About a year ago the UK’s government watchdog, the National Audit Office, wrote a damning report about the state of the National Health Service’s finances, warning that the gross deficit of NHS and foundation trusts had increased by 150%.
The report found that the Department of Health had issued £1.8 billion in cash injections to 46 NHS bodies since 2006, with only £160 million having been repaid.
Over the past few years the NHS has been going through a complicated restructure, with budgetary powers being shifted from some groups towards others - if you’d like a detailed overview, take a look at this BBC article - however, despite this, the fact remains that the traditional provision of health services is extremely costly.
This is putting a huge strain on local authorities and clinical commissioning groups (CCGs).
In my view, the answer to this problem, if we want to retain free healthcare at the point of service, is a huge rethinking in the way that health services are traditionally delivered. And whilst the government and NHS England is talking a lot about big digitisation projects and back-office IT, we also need to be thinking about how client-facing services can be integrated with digital tools.
And we need to be thinking about this now. Service redesign and online scale could really help save health services and allow them to refocus their finances on critical face-to-face requirements.
Which is why when I was pointed to SH:24, operating out of the Lambeth and Southwark boroughs in London, I was keen to find out more. SH:24 - a free online sexual health testing service - is a good example of how digital tools can be used to not only cut down on costs, but also actually provide a better frontline service.
The organisation, a community interest company, provides free and confidential STI testing for residents of Lambeth and Southwark, where its users can order home testing kits over the web for Chlamydia, Gonorrhoea, Syphilis and HIV.
Kits are sent out via freepost and results are issued via text message within seven days (although it’s often more like 3 days). All of it is completely confidential and the organisation also operates free sexual health advice via text message and web chat.
If someone is diagnosed with an infection and requires treatment, they are then fast tracked into the required NHS service locally.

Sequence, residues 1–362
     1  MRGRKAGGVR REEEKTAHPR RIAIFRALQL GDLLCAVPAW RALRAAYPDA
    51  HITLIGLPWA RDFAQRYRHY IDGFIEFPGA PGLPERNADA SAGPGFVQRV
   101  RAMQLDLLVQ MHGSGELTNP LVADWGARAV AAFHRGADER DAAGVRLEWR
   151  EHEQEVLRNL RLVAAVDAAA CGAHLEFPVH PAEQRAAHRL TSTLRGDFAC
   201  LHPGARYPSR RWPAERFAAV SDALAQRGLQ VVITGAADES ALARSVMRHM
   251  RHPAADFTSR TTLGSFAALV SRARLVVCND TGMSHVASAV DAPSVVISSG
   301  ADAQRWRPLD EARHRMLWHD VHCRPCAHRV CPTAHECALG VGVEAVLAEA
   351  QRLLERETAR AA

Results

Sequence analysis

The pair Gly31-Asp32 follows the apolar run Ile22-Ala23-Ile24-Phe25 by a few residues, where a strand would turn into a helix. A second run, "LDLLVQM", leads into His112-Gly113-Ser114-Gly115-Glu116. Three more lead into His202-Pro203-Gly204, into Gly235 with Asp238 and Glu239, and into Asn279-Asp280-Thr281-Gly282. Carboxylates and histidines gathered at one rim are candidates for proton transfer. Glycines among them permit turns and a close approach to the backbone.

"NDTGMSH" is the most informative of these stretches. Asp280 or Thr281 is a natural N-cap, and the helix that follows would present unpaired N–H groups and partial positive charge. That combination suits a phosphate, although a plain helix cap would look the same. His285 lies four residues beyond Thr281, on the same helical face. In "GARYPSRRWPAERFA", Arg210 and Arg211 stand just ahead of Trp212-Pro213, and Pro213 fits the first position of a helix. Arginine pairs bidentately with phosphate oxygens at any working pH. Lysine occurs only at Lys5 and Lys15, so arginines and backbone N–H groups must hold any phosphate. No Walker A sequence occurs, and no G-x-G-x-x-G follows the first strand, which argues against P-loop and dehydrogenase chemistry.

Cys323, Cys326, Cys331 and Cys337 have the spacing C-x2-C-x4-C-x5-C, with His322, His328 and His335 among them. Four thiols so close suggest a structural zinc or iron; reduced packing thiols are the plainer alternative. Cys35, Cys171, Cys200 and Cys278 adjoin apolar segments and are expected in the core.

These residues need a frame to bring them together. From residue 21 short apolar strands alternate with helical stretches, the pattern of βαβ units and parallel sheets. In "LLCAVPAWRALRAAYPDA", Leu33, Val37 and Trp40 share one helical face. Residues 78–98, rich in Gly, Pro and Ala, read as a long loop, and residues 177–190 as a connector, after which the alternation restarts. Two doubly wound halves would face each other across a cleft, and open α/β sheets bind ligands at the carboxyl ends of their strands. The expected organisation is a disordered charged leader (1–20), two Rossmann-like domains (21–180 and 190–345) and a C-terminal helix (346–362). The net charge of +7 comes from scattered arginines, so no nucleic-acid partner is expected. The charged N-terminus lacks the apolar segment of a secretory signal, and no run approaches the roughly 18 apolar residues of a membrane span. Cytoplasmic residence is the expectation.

For the user of the service it’s free, it’s easy, it’s efficient and it’s discreet. For the NHS it removes all those first points of contact that take up time and resources that could be put towards treatment and counselling.
I visited SH:24’s offices at the end of last week to find out more about how this service came about and how it plans to scale up. When entering SH:24 it’s obvious that they’re operating with a digital-first mentality. There are posters and post-it notes stuck up all over the walls, with colourful agile diagrams and flows being used everywhere, with the idea of ‘design’ being central.
The company is being headed up by public health medicine consultant Gillian Holdsworth and service development director Chris Howroyd. It’s evident from the meeting that SH:24 has tried its best to bring the world’s of health and digital together, both in terms of delivery and it’s skill set.
Unfortunately Howroyd wasn’t there on the day of my meet, but Gillian Holdsworth explained how SH:24
came to life. She said:
I was aware that we had the worst sexual health in the country in this area. The other thing I was also aware of is that it’s not always very easy to access those services. People come into London, don’t have a GP, can’t take time off work. We don’t make services easy for people to access to be honest. So one of my trainees said to me why don’t you put STI testing online? I thought about it and thought, why don’t we put the whole lot online?
We are still delivering services the way that we were in the 1960s and 1970s. In 2009 we did the first expression of interest interest to the Guy’s and St. Thomas’ Charity, which funds a lot of innovation in Lambeth and Southwark.
What we were doing was trying to disrupt a service, pick it up and move it online. A bit like Amazon did.
SH:24’s development continues to be funded by Guy’s and St Thomas’ Charity, but it’s operations are funded by winning contracts with local authorities and CCGs (the NHS) - as the service is commissioned by these two groups. This is what makes things slightly tricky for the organisation to scale up outside of Lambeth and Southwark, the fact that it can’t go to one organisation and say ‘we can provide this service to the whole of the UK, provide it better and provide it at a cheaper price point’.
SH:24 has to bid for each contract with each local authority and each CCG, depending on which organisation is providing what services. For example, in Lambeth and Southwark STI testing is paid for mostly by the local authorities, whilst oral contraception is about a 50% split between local authorities and CCGs. But this varies across the UK, which makes funding and scale challenging.
However, it has just been announced that SH:24 will now be expanding to Essex too. Holdsworth said: